Theodore Roosevelt stares down from Mount Rushmore, in South Dakota. He is alongside giants: George Washington, Thomas Jefferson, Abraham Lincoln. Roosevelt is the only 20th-century president whose face is carved into the mountain. He was sworn in as the 26th president on September 14, 1901. At age 42, he was the youngest man ever to hold the office. Today, changes made during his presidency still impact the U.S. Who was this legendary American?
As a young boy, Roosevelt suffered from asthma. He was considered too weak for school. So he was educated at home. His father, Theodore Sr., insisted that Roosevelt exercise. “Make your own body,” he urged his son. Roosevelt took up boxing and wrestling, and built up his stamina.
Throughout his life, Roosevelt was drawn to challenges. At 22, he climbed the Matterhorn. It’s a 14,692-foot-high mountain in Europe. As police commissioner in New York City, he took on corrupt police officers. He also actively enforced the law. During the Spanish-American War, he led his men at the Battle of San Juan Hill, in Cuba. He came home to tales of his bravery on the battlefield.
Roosevelt was more than a politician. He was a writer, an explorer, and a naturalist. He was the first U.S. president to make protecting the environment a political issue. He created the U.S. Forest Service. He also set aside 150 national forests, 51 national wildlife refuges, and five national parks.
In 1900, Roosevelt became William McKinley’s vice president. A year later, he became president after McKinley was killed. Early in his presidency, Roosevelt, a Republican, decided that it was the government’s job to control big business. Unlike past presidents, Roosevelt was very hands-on when it came to regulating monopolies, or big companies. He went after railroad companies and other corporations that were competing unfairly. In 1904, the Supreme Court sided with Roosevelt. It ordered monopolies to be dismantled. “We must demand that big business give the people a square deal,” he later wrote.
In his second term, Roosevelt pushed through the Pure Food and Drug Act and a meat-inspection law. At the time, journalists exposed unclean conditions in the food industry. These journalists were called muckrakers. Upton Sinclair’s novel The Jungle is one example. In the book, Sinclair described many of the terrible practices of the meatpacking industry. Roosevelt read The Jungle. Then he convinced the public and the government to reform the food industry. Both laws still help consumers.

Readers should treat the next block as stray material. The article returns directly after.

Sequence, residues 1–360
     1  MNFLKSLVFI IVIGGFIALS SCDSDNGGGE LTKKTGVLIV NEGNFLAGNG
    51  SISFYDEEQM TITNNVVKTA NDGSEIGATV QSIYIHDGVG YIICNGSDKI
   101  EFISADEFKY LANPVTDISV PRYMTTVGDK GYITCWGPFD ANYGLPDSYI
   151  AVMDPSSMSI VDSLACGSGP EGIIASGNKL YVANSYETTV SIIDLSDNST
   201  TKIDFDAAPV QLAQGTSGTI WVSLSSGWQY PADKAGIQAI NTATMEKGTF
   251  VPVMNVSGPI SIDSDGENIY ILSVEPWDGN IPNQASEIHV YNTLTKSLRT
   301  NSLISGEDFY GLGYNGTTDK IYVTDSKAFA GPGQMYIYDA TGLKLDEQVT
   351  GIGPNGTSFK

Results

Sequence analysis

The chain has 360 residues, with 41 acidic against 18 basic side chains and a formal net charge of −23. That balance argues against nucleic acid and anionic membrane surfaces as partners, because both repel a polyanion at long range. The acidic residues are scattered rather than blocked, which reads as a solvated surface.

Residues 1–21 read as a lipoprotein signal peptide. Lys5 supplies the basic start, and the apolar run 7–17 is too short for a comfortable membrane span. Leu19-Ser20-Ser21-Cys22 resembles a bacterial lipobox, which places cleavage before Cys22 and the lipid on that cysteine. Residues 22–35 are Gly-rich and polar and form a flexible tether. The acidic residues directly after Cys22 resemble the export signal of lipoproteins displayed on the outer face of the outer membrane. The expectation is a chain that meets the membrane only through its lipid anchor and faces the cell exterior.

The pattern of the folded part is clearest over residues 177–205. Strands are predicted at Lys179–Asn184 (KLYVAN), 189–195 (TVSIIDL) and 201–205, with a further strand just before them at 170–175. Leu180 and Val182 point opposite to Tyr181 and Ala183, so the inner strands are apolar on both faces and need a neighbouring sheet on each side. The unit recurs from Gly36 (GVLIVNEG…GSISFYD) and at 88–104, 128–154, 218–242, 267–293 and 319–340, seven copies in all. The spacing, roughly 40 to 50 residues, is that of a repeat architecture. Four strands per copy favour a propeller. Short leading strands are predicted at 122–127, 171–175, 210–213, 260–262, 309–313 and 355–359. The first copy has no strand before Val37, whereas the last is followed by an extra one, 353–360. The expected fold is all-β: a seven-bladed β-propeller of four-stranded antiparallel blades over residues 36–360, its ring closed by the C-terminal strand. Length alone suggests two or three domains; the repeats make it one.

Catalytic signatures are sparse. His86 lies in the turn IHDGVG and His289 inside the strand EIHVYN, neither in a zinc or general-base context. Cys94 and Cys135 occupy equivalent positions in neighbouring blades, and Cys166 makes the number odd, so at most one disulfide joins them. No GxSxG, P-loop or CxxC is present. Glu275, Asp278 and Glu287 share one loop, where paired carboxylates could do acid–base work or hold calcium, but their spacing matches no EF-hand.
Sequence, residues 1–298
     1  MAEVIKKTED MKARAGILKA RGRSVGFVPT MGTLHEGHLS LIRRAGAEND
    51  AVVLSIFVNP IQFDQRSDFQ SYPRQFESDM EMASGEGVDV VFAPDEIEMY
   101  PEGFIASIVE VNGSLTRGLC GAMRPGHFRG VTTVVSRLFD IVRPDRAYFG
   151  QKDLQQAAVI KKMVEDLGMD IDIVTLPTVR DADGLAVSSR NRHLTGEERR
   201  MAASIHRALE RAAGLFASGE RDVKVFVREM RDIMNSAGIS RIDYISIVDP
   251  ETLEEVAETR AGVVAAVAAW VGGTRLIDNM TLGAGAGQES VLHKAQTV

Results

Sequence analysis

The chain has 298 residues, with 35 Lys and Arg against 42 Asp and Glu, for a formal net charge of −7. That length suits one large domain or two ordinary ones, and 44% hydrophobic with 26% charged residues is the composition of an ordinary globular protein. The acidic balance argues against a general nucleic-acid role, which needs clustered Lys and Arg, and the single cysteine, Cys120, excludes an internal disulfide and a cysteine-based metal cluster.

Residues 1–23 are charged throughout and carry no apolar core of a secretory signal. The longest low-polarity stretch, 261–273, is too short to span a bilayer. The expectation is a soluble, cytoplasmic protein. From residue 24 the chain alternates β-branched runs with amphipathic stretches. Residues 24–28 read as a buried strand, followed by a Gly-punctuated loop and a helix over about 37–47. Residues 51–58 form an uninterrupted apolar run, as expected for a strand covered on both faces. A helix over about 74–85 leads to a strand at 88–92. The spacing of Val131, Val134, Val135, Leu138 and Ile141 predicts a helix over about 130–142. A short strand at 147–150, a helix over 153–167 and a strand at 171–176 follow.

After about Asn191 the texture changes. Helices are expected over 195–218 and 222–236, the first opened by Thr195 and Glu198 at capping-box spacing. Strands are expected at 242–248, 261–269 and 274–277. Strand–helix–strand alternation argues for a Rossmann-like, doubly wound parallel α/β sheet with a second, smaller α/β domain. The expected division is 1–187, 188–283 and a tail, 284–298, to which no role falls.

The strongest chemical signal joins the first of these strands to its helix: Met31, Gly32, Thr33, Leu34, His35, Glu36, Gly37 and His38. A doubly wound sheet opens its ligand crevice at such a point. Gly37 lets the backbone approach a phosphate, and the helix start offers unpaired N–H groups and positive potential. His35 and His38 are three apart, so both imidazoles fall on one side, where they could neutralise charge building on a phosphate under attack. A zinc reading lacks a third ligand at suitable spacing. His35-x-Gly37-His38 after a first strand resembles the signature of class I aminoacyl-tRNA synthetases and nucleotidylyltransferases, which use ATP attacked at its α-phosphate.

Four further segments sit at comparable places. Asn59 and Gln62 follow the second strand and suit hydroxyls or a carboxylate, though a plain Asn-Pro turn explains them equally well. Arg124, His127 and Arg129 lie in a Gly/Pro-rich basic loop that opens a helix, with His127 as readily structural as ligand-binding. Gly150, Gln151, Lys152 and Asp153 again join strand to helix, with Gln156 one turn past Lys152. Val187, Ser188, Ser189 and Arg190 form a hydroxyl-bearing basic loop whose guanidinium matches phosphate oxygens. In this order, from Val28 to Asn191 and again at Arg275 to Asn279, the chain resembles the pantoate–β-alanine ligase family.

Although Roosevelt was a sickly child, his father encouraged him to exercise and explore nature. As an adult, Roosevelt became an explorer and naturalist. In 1903, President Roosevelt visited Glacier Point, in Yosemite Valley, California.
Roosevelt is thought to have been the United States’ first modern president. During his presidency, the U.S. became a world power. In 1904, he announced the Roosevelt Corollary. “[The U.S.] must keep order” in North and South America, he said. He also worked with Congress to strengthen the Navy. He believed these steps would discourage enemies from attacking the U.S.
Roosevelt also negotiated peace deals throughout the world. He believed that the U.S. should be a global force. After Russia and Japan went to war, Roosevelt convinced the two nations to send representatives to peace talks in Portsmouth, New Hampshire. There, he got the countries to agree to end their war. He earned a Nobel Peace Prize for his efforts.
But, as Roosevelt saw it, “by far the most important action” he had taken in foreign affairs was building the Panama Canal. The canal was a vital shipping shortcut between the Atlantic and Pacific Oceans. In 1903, the U.S. signed a treaty with the new nation of Panama. In 1906, Roosevelt took a trip to see the canal being built. He became the first president to leave the U.S. while in office. It took 10 years and $387 million to dig the canal across 50 miles of jungle. “This is one of the great works of the world,” Roosevelt told workers at the construction site. “It is greater than you yourselves at the moment realize.”
At that moment, Roosevelt may not have known how influential a president he had become. “I have used every ounce of power there was in the office,” he wrote. “I do not believe that any president has ever enjoyed himself as much.”